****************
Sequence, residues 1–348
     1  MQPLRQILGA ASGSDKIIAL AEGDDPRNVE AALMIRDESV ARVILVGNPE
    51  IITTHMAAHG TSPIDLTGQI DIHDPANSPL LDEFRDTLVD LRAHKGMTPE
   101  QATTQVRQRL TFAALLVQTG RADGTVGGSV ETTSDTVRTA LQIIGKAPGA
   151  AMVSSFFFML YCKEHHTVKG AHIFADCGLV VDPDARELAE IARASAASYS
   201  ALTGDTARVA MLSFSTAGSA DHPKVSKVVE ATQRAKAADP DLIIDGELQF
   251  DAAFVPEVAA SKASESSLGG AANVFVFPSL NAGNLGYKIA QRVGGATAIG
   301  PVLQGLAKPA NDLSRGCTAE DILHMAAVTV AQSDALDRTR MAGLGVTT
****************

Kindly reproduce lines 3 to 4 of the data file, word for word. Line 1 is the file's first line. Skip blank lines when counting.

    51  IITTHMAAHG TSPIDLTGQI DIHDPANSPL LDEFRDTLVD LRAHKGMTPE
   101  QATTQVRQRL TFAALLVQTG RADGTVGGSV ETTSDTVRTA LQIIGKAPGA